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Reports, Forms, and Recordkeeping Requirements

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National Highway Traffic Safety Administration (NHTSA), DOT.


Request for public comment on proposed collection of information.


Before a Federal agency can collect certain information from the public, it must receive approval from the Office of Management and Budget (OMB). Under procedures established by the Paperwork Reduction Act of 1995 (44 U.S.C. 3501 et seq.), before seeking OMB approval, Federal agencies must solicit public comment on proposed collections of information, including extensions and reinstatements of previously approved collections.

This document describes an Information Collection Request (ICR) for which NHTSA intends to seek OMB approval.


Comments must be submitted on or before November 12, 2010.


Direct all written comments to the U.S. Department of Transportation Dockets, 1200 New Jersey Ave., SE., Washington, DC 20590. Docket No. NHTSA-2010-0038.

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Randolph Atkins, PhD, Contracting Officer's Technical Representative, Office of Behavioral Safety Research (NTI-131), National Highway Traffic Safety Administration, 1200 New Jersey Ave., SE., W46-500, Washington, DC 20590. Dr. Atkins' phone number is 202-366-5597 and his e-mail address is

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Under the Paperwork Reduction Act of 1995, before an agency submits a proposed collection of information to OMB for approval, it must publish a document in the Federal Register providing a 60-day comment period and otherwise consult with members of the public and affected agencies concerning each proposed collection of information. The OMB has promulgated regulations describing what must be included in such a document. Under OMB's regulations (at 5 CFR 1320.8(d)), an agency must ask for public comment on the following:

(i) Whether the proposed collection of information is necessary for the proper performance of the functions of the agency, including whether the information will have practical utility;

(ii) The accuracy of the agency's estimate of the burden of the proposed collection of information, including the validity of the methodology and assumptions used;

(iii) How to enhance the quality, utility, and clarity of the information to be collected; and

(iv) How to minimize the burden of the collection of information on those who are to respond, including the use of appropriate automated, electronic, mechanical, or other technological collection techniques or other forms of information technology, e.g., permitting electronic submission of responses.

In compliance with these requirements, NHTSA asks public comment on the following proposed collection of information:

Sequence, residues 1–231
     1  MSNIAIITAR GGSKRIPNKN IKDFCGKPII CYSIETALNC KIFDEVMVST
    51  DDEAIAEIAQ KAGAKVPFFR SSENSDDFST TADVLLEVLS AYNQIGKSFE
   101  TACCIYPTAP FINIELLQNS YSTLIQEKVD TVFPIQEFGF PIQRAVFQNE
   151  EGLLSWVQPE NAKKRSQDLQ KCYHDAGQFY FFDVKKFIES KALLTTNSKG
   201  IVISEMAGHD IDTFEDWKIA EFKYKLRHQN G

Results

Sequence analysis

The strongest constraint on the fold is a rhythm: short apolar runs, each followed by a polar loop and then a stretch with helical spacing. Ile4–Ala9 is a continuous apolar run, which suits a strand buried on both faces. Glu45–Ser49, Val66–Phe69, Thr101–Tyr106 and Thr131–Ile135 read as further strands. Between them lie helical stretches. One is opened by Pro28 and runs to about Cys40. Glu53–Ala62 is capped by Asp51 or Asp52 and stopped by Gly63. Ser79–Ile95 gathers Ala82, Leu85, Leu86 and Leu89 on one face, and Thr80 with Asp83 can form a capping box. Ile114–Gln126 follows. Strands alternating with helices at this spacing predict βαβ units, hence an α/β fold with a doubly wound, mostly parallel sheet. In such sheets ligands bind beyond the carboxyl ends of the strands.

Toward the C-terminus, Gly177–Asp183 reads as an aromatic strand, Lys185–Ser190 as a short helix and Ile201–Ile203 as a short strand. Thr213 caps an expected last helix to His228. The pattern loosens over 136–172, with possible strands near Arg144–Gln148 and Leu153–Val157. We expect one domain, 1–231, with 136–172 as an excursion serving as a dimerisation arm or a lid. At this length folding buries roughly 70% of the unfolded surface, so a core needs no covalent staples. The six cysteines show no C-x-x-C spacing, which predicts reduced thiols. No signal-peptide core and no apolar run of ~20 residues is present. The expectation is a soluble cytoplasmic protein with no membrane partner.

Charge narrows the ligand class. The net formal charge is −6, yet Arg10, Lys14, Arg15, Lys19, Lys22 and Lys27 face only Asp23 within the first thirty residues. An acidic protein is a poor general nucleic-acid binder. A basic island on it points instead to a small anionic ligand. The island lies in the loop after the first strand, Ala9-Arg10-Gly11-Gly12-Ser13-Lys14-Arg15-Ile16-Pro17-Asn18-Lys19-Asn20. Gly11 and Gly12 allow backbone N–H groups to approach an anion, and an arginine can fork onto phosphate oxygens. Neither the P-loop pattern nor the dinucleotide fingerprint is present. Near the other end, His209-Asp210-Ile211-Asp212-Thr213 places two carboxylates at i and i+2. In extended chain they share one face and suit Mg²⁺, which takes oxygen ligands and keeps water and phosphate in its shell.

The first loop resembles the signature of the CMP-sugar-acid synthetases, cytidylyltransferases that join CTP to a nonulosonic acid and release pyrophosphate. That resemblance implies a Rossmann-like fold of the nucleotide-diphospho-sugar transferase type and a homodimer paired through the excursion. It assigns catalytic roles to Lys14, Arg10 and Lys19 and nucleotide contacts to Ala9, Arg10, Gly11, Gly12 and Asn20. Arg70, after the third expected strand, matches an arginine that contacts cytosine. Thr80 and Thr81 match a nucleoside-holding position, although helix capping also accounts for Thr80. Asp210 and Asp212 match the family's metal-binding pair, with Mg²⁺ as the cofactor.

Title: System Analysis of Automated Speed Enforcement (ASE) Implementation.

Type of Request: New information collection request.

OMB Clearance Number: N/A.

Form Number: This collection of information uses no standard forms.

Requested Expiration Date of Approval: September 18, 2013.

Summary of the Collection of Information: A great many enforcement strategies are in use to combat speeding today. One important approach increasingly being used is Automated Speed Enforcement (ASE). A number of studies have shown the use of speed cameras for ASE to be effective in reducing traffic speeds. However, despite the effectiveness of speed cameras programs for ASE, it is often Start Printed Page 55628difficult to establish public acceptance for these programs and put them into place. The objectives of this study are to: (1) Determine how the existing speed camera programs in the United States were developed and implemented; (2) Examine other variables that have affected these speed camera programs; and (3) Determine how all of these variables have affected the success of these programs.

This study will conduct a census survey of existing ASE programs in the United States and gather information from each site to address the objectives described above. Key personnel in the existing programs will be surveyed via an emailed questionnaire and by phone. This survey is expected to provide data relevant to ASE development and delivery that may affect the level of public acceptance for given speed camera programs, as well as their success. The variables to be addressed include specific target sites for the ASE (school zones, work zones, etc.), program funding and revenue flow (who pays for it and how, who profits from revenue, how it is promoted as a revenue generator or a safety measure), nature of citations issued (cite vehicle or cite driver), penalties for violations (level of fines, points on license, etc.), presence of other automated enforcement (red light cameras), level of traditional speed law enforcement, existence and results of program evaluations, media reports and level of media exposure, level of public acceptance, and the degree to which programs were set up and implemented according to NHTSA guidelines.